4. Subordinate loans: These loans are similar to commercial loans, but the creditors have a second priority when claiming the project's income and assets.

Equity: The project sponsors also raise capital through equity. Government, private equity investors, and institutional investors may provide funding in exchange for shares.

Sponsors of project finance

A project finance venture can have various project participants who are called project sponsors. The objectives and roles of each project sponsor vary depending on the type of sponsor. Largely the project sponsors can be categorized into four groups:

  1. Industrial sponsors – Industrial sponsors see the project finance venture as an opportunity to integrate it into their core business.
  2. Public sponsors – The local or central government and government agencies whose aims are to provide social welfare through the project.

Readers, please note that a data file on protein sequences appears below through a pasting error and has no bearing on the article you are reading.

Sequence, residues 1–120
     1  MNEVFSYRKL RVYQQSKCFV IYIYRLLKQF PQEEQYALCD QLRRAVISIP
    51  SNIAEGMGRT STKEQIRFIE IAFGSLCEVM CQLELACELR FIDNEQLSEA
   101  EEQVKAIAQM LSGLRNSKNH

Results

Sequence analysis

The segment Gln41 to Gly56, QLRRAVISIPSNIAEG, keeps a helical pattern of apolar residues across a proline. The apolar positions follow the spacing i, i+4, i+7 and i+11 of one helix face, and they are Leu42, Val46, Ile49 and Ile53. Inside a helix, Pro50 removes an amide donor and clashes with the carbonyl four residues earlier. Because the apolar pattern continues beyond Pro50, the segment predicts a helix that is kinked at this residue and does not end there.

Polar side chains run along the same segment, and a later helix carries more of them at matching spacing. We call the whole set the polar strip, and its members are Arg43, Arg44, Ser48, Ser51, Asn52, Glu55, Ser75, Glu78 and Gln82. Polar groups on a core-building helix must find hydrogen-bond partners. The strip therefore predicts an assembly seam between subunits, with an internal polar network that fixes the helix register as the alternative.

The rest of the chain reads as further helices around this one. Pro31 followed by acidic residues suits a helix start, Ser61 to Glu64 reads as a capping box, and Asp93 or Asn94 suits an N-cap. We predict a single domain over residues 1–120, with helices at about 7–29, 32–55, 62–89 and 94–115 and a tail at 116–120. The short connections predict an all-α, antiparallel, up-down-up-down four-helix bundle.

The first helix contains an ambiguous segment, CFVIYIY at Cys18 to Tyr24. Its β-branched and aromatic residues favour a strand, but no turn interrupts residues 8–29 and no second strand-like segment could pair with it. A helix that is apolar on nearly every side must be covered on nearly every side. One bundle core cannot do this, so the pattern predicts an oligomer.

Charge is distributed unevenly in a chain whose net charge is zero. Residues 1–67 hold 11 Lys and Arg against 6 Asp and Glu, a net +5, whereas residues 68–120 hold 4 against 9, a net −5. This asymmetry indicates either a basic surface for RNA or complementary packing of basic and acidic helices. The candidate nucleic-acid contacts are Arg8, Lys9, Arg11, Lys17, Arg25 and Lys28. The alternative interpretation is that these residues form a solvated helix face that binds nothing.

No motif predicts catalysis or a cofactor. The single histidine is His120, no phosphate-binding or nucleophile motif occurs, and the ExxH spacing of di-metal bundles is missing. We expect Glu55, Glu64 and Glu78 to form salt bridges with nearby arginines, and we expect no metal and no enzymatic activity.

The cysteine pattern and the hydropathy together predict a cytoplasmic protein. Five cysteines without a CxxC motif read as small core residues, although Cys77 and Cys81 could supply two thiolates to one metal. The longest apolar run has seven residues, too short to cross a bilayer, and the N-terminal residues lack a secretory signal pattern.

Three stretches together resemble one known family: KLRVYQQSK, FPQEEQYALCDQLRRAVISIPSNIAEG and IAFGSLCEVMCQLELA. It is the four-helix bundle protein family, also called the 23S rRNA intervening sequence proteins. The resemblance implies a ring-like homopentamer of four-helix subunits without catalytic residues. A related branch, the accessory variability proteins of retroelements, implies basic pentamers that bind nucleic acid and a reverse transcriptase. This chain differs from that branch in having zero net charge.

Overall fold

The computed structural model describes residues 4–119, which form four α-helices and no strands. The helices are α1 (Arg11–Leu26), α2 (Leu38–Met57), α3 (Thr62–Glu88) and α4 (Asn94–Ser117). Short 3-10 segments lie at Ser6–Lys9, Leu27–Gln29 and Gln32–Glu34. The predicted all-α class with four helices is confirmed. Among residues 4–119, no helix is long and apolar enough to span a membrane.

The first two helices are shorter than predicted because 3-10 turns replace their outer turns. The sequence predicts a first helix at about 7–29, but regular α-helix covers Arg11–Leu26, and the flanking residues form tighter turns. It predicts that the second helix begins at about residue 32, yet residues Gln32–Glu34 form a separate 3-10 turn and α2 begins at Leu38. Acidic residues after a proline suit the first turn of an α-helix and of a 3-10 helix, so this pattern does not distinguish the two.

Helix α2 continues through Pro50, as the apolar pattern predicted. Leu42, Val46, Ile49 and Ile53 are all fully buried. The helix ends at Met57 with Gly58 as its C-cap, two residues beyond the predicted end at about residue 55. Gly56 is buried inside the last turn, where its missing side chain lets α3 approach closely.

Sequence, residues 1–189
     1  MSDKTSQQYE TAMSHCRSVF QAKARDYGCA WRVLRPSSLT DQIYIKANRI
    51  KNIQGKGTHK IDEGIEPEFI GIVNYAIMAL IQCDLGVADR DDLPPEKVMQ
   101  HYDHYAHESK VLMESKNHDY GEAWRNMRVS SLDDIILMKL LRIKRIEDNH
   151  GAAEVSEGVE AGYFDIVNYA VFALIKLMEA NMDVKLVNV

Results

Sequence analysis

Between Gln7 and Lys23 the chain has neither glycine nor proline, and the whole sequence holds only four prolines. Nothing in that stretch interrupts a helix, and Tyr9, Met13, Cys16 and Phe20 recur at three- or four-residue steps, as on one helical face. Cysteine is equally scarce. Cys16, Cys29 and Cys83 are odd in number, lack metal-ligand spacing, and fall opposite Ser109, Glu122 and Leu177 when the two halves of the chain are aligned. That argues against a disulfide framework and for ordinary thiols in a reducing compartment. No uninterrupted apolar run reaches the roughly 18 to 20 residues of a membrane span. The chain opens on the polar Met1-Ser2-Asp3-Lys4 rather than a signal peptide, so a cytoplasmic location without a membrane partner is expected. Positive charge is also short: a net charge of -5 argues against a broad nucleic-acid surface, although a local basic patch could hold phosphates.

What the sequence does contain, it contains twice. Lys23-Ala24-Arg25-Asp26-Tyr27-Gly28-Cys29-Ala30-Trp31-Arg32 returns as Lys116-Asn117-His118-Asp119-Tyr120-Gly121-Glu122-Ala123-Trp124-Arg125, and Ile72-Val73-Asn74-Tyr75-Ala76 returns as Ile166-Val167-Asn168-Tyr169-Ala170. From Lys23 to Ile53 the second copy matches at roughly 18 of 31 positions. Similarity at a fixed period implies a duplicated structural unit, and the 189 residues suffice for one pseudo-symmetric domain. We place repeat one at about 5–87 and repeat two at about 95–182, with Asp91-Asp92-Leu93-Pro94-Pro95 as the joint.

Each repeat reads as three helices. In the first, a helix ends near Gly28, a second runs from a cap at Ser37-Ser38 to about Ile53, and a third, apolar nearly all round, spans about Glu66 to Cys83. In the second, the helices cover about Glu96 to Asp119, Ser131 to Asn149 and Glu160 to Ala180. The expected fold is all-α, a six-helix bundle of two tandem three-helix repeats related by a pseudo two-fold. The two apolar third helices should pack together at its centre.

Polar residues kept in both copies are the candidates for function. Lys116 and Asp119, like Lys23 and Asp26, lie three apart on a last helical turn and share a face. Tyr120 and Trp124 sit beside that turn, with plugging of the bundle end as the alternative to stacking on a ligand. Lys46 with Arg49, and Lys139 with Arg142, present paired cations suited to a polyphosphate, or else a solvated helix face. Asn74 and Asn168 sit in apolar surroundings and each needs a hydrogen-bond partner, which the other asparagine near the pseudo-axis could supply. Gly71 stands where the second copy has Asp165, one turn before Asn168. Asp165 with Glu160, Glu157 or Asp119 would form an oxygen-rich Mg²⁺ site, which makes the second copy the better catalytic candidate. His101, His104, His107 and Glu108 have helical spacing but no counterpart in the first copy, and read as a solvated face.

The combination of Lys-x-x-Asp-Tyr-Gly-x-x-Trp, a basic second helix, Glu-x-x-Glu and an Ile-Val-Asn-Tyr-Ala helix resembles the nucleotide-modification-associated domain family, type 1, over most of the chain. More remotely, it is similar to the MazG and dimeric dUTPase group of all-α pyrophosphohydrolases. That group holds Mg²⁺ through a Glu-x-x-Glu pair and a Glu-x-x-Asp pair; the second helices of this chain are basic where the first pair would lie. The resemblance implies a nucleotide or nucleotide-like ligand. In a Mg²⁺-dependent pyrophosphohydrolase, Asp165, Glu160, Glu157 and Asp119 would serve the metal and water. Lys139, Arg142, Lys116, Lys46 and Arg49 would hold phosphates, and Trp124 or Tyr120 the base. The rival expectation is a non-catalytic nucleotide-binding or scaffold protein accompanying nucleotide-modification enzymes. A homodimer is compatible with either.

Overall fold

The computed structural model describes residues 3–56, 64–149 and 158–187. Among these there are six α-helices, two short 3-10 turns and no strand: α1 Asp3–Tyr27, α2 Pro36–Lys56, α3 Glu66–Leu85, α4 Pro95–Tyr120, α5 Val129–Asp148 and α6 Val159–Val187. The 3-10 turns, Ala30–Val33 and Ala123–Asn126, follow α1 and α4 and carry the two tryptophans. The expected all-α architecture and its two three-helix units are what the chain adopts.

3. Contractor sponsorsGeneral Contractors, EPC companies, and construction businesses who design, build, and in some cases, operate the facilities come under this category. They may also provide funding in the form of an equity investment or subordinated debt.
  4. Financial sponsors – Private investors or financial institutions who infuse capital into the project to gain substantial RoI (Return on Investments).

Various stages of project financing

1. Pre-financing stage

  • Identifying project plan — In this stage, a detailed project plan is charted out. Then a detailed analysis is performed to check if the project plan is plausible. If required, the strategy is changed to bring it in line with the goals of the lenders.